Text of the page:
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Discussion Starter #1
So I have no idea what worms, worm eggs, or parasites look like in a dog's poop and I thought I'd get someone else's opinion. Is this undigested food or something unhealthy? I didn't see anything stringy or moving, just some of these white specks, or chunks, whatever you want to call them. We have a 5 month old pitbull/american bulldog mix. We just bought him from a family who seemingly didn't take very good care of him. He hasn't even been vaccinated yet or gone to the vet for a checkup and I think they probably neglected or mistreated him. We're going to take him to the vet ASAP regardless, but in the meantime, I just need some poop help, please, if anyone is knowledgeable on the subject. And sorry for the graphic pic.

IMG_20191103_093354.jpg
 

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I would error on the side of caution. Treat him for worms and get a Vet check up. Take a stool sample to the Vet for examination.

I use a monthly regime of Fenbendazole for worms. I buy it in a liquid form used for goats. Verify with your Vet about the dosage for your dog.

The white specs could be anything from bits of plastic to parasite eggs or segments.
 

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Discussion Starter #3
His poop seems to be more normal now. I think it was just undigested food. The pet store told me not to treat him for worms though until I was sure he had them. You treat your dog every month regardless?
 

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If he's young and not had good care, it's likely he has worms whether you can see them or not. There are worms that can't be seen with the naked eye, and if these are tapeworms is impossible to tell from the picture. Bring a fresh stool sample to the vet when you go, and they'll let you know if he needs to be dewormed. It's easy and cheap to do, so no reason to put it off really. Some worms that dogs carry can also spread to humans, so make sure you're washing hands after cleaning up after him and also wash his bedding after he's been treated.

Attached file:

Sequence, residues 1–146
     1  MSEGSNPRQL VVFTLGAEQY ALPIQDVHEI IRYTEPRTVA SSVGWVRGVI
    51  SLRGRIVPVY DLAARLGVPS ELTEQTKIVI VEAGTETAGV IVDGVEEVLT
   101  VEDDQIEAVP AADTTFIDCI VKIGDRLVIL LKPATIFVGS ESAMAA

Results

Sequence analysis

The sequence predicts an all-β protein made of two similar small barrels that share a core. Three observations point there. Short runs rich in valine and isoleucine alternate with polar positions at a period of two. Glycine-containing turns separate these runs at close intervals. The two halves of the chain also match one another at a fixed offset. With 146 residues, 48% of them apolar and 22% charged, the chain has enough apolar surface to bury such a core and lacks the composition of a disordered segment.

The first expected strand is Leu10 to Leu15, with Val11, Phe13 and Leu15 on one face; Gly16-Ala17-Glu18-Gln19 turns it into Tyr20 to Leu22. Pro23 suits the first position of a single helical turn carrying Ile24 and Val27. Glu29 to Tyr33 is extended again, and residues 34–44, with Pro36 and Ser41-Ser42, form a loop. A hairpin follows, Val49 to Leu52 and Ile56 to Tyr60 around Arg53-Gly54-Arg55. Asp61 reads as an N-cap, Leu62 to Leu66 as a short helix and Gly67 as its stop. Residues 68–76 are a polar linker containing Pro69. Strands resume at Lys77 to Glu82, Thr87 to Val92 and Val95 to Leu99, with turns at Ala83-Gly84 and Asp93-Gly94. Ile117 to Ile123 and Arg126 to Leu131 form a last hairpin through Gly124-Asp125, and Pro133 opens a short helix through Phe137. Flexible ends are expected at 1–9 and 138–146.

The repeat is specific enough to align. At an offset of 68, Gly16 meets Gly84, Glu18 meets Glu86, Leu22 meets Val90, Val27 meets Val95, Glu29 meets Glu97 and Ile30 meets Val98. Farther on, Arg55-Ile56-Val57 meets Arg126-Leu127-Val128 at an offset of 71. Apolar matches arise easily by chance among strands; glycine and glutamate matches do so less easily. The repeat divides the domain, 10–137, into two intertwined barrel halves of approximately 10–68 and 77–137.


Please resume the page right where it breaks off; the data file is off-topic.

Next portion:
I don't treat my dogs for parasites unless they have symptoms and a positive fecal test. Repeated doses of unneeded medication can be hard on a dog's system...gut especially.
 

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Yes, I treat for worms along with a topical flea/tick every month. Do your research on the different treatments. Some meds will enter the dogs system like Ivermec, others like Fenbendazole remain in the digestive track.

A little information about Fenbendazole. It specifically targets the worms and remains in the digestive track. Specifically, it targets round, whip, hook and some tapeworms. I use Ivermec, each month, to target heart and the other tape worms. I also use Vetgard topical treatment, each month, to prevent fleas and ticks.

I would avoid taking pet care advice from a Pet Store. Even people like me....you should be cautious. Do your research and speak with your vet.

My situation and living environment, it is best for me to have my dog on a preventative program using minimal dosage and minimum application.

Worms or parasites can create much worse conditions for the dog than the meds. My monthly regime costs about $1.00/month. I figure its much better than an expensive Vet visit, followed with risky treatment and hospital stay.

This is a bit like changing the oil in your car. Technically, you don't have to change the oil, the engine will run for sometime. Eventually, you will be faced with a substantial repair. Or you can change the oil and prevent the substantial repair. You can choose your course of action.


This region in China is vastly different than the worst areas in USA
 

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Another point, I'd suggest you seriously consider.

Take the dog to the Vet for a health exam. Begin the immunizations. The dog should at least receive the Core vaccinations.

Also as has been said, take a stool sample to be examined for worms. Begin eradication treatment if needed and talk about preventative treatments.
 

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TAnt30, if you live somewhere with heartworms, you'll want to be giving a heartworm preventative every month, and those do take care of some (not all) common worms/intestinal parasites as well as just the HW. The preventative is low-risk and very well-tolerated by most dogs. For most other parasites you can get away with treating only when you notice a problem, but if you do that with heartworms you're looking at a much harsher treatment that's hard on the dog, limiting exercise, and potential long-term heart damage, so the monthly preventative is FAR preferable.

But I agree with the others. Get the vet to run a fecal (and a blood test for heartworms if they're in your area), and then they can suggest which treatments will work best for whatever they find, if anything.
 

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Discussion Starter #9
We haven't been able to get an appointment for the vet until like 1 1/2 weeks from now. But good news is, his poop has been normal looking ever since.

He's starting to lose his baby teeth so I bought him some toys specifically for puppies and teething. There's some red stains that I saw on the toys after his tooth fell out, but from what I read, I guess that's normal.
 

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Discussion Starter #10
I'm making sure he only chews soft things at the moment (keeping his food soft as well) until his mouth heals from the bleeding.
 
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